Sea Green and Sapphire

A blog about a love of colour, addiction to fabrics and joy of crafting…

Green (or not)


A few weeks ago when we were taking down the decorations from the Christmas tree, I had a brilliant idea: I’m going to use the remains of the tree to dye some wool. After all, I had dyed with fir in Finland over twenty years ago when I first experimented with natural dyes. I can’t remember any more what the basic colour was (possibly olive green?), but I seem to remember that with iron you get a nice dark grey.

Because of the different climate, conifers are not nearly as common here in the UK as they are in Finland. Here in Kent you only really see them if someone has planted one in their garden, so getting hold of fir for dyeing is not that easy.  Now I realise the species of fir they sell as a Christmas tree here (typically Nordman fir) is not the same as the common fir tree in Finland (which is Picea abies), but I though it’s nevertheless worth having a go.

So I chopped up some branches and soaked them for a few days, then boiled them for about an hour. And this is the colour of the water I got:

unhopeful dye bathcolour  from Nordman fir

well it was worth a try…

Not very hopeful, is it? Given that there’s hardly any colour there, I think I will abandon this experiment and not even try to dye with it.


So instead of showing you some beautifully dyed yarn, I’m going to have to find something else to show you today. And this one sort of fits with the green theme. It’s a table runner that I sewed for my sister-in-law for her Christmas present. I made two of them so that you can use them instead of table mats.

Green table runners

The table runners I made for my sister-in-law

Green table runners, reverse side

The reverse side

The inspiration for these table  cloths came from my sister-in-law herself as she had sewn a similar set for me a few years ago. The material she chose was a great Marimekko classic, Tantsu (a similar fabric also goes by the name of Satula). I just love its strong and vibrant colours.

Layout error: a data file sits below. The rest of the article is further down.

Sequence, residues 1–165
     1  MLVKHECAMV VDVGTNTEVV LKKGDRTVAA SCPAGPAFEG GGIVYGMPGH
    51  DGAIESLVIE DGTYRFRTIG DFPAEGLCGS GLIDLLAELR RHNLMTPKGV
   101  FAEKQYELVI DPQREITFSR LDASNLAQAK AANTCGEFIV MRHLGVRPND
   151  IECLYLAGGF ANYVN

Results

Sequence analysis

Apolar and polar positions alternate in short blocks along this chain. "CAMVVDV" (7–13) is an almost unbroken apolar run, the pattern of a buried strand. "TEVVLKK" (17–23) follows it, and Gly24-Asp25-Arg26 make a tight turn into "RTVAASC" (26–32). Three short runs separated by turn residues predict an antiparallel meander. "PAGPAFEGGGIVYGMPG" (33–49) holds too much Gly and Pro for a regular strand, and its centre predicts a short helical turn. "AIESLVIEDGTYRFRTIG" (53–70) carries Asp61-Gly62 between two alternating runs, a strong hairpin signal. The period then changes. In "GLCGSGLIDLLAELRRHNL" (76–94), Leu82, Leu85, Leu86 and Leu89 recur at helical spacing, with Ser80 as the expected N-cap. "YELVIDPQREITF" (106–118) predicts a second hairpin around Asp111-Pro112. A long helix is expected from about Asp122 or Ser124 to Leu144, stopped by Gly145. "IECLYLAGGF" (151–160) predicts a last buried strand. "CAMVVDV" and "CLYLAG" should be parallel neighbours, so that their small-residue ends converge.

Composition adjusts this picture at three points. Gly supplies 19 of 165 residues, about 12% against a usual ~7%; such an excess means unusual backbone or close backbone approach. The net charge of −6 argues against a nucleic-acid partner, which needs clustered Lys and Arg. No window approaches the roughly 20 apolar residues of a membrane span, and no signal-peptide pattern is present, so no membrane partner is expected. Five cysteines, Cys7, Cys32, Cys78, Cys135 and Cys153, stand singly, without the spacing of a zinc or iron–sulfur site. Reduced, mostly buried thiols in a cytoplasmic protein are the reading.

Table runners made from Marimekko's Tantsu fabric

The table runners my sister-in-law made for me, using Marimekko’s Tantsu fabric

The Tantsu fabric in more detail

Tantsu comes in several beautiful colourways, but this one is a vibrant mix of magenta and bright red


Author: Heidi

I love colour wherever I find it, in art, photography, gardens, nature. I also love all kinds of fiber arts; spinning, dyeing, knitting, felting, sewing.

6 thoughts on “Green (or not)

  1. Those are beautiful table runners. I’ve only ever seen runners down the length of a table. I think I like them across like you did better. Very cool!

  2. So clever to use them in that direction so they can be place mats! I love the look of runners, but then it seems like you need to use place mats too and the table starts getting crowded. I love this idea!

  3. Well, thanks for saving me the effort of trying that! I also have Normanns on the property. I just put on a pot of cones that I gathered in the forest, from the Picea abies, so we’ll see how that goes. The dyebath at least is intense and the smell is not bad.

    • Yes Normann definitely wasn’t worth the effort, I was very disappointed with that. When I tried Picea abies I only tried the green bits, so I’m looking forward to hearing what happens with the cones.

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